Survey: Consumers show confidence in pharmacists

NEW YORK —With cardiovascular disease being the top killer of American men and women, a lot of restaurants and retailers have made going healthy as prominent in their marketing strategies as going green, but community pharmacies can have a more direct and lasting effect on their customers’ heart health through such efforts as education and ensuring medication adherence.

The American Heart Association predicted that the cardiovascular disease epidemic, estimated to affect more than 80 million Americans, will have direct and indirect costs of more than $500 billion this year, while fewer than half of the highest-risk people are receiving treatment to lower the lipids in their blood, and one-third of those receiving treatment are achieving their desired levels of “bad” LDL cholesterol.

But according to a survey of 723 American adults ages 40 years and older commissioned by drug maker GlaxoSmithKline and conducted by Opinion Research Corp., 62% of respondents said they ranked pharmacies and pharmacists high as being good sources of information in helping them manage such conditions as diabetes, high cholesterol and high amounts of blood fat called triglycerides, an aspect of heart health often overshadowed by LDL and “good” HDL cholesterol.

“Pharmacists have knowledge of patient conditions and medications and, for those with very high triglycerides, can help meet the specific needs of the patient by directing [him or her] to the right medication, in addition to the proper diet and lifestyle changes,” Virginia Commonwealth University School of Pharmacy Kelly Goode stated regarding the study.

One way to fight triglycerides is with omega-3 fatty acids, which can be obtained from supplements, prescription drugs and such foods as salmon and walnuts. According to the survey, 61% of respondents said they would be open to talking to their pharmacists to learn more about prescription omega-3 fish oils.

Details from triglycerides survey

“It just reaffirms that the pharmacist is part of that healthcare team and plays an important role in educating patients,” GSK spokeswoman Bernadette King told Drug Store News. Supermarket pharmacies could have a role to play as well, especially because many have both a pharmacist and a dietician on staff.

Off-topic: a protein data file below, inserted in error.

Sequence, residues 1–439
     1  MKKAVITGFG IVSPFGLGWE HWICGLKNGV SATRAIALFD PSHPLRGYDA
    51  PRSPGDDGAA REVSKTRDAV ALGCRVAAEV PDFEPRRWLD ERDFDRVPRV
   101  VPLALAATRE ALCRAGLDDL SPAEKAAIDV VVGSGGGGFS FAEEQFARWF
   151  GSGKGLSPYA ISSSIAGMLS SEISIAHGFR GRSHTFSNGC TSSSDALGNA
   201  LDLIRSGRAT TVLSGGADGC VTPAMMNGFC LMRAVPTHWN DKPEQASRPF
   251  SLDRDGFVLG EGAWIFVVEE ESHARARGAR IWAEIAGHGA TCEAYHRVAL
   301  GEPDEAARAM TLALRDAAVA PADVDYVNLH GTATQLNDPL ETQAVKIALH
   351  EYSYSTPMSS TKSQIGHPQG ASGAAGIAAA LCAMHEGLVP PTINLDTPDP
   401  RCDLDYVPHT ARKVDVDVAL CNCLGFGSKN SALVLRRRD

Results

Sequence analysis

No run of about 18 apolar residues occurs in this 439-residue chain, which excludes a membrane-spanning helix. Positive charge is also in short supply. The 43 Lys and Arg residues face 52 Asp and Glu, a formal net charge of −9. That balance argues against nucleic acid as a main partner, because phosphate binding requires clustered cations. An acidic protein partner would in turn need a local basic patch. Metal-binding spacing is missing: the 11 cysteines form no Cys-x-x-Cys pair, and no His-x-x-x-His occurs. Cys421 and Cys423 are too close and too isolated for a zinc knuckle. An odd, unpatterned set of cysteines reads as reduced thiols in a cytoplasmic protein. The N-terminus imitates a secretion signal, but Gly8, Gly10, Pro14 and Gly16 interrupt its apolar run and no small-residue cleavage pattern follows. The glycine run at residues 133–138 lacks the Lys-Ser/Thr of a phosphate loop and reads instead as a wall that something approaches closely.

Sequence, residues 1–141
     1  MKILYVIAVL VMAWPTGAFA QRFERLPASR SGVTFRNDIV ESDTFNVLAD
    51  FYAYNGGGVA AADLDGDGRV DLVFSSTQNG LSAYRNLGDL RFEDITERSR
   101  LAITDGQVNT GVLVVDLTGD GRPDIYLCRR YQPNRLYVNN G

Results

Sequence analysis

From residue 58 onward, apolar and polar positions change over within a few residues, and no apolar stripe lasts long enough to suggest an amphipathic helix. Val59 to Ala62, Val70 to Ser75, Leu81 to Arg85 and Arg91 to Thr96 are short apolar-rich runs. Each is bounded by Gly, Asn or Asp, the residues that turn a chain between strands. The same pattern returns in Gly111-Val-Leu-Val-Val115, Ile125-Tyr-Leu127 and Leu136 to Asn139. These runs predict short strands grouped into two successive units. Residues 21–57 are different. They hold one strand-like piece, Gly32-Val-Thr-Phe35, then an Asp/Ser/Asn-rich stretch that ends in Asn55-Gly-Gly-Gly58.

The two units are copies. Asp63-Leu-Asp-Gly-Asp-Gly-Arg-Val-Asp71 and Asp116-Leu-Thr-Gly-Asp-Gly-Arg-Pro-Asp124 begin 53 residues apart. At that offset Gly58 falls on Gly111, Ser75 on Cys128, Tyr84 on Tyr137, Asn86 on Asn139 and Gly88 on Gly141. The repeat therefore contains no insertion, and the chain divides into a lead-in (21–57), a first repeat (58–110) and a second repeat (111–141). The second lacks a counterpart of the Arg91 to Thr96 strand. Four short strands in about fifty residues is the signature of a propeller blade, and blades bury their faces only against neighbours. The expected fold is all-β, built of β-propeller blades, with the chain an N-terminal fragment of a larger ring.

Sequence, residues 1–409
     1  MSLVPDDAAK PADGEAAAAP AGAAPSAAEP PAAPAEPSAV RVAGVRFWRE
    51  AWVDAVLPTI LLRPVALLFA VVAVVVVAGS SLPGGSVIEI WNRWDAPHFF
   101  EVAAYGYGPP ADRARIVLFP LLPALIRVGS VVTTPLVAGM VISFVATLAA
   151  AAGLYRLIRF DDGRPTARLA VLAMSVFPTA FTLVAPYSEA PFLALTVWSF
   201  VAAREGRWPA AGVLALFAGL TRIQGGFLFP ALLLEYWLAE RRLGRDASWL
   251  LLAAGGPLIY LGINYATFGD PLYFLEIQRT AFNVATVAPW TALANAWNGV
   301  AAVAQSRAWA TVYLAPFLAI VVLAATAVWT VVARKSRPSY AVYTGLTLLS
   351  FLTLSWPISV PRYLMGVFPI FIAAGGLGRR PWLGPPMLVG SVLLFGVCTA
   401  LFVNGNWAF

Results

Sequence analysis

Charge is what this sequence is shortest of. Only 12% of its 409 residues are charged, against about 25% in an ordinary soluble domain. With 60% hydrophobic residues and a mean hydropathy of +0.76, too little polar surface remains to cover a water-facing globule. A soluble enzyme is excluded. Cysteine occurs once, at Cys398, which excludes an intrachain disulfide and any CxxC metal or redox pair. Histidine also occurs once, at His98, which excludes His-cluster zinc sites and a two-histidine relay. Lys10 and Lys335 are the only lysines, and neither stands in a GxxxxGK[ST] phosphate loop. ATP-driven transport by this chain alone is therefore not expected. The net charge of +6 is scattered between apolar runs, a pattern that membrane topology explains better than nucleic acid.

But in a more direct sense, pharmacists can improve patients’ heart health by using technology to ensure that those taking medications adhere to treatments. In December, pharmacy benefit manager Medco Health Solutions announced a 26-week study with the Illinois state government, the University of Illinois at Chicago College of Pharmacy, the Illinois Pharmacists Association and the National Community Pharmacists Association-owned Mirixa Corp. to close the medication adherence gap among Illinois state employees with chronic diseases, including cardiovascular diseases.

The UIC College of Pharmacy will provide clinical training and guidance to up to 100 community pharmacists on how to identify and address adherence problems. Meanwhile, Medco will analyze prescription drug records on a daily basis to identify patients who have potential problems with medication adherence.

“This large-scale study tests, under actual field conditions, several vital aspects of real healthcare reform,” Medco president and COO Kenny Klepper stated. “It transforms traditional competitors into collaborators; creates a partnership across private business, public employers and research institutions; and leverages advanced technology using evidence-based protocols to efficiently identify and effectively close gaps in care for patients [with] complex conditions…who account for 96% of all drug costs and 75% of all medical spending.”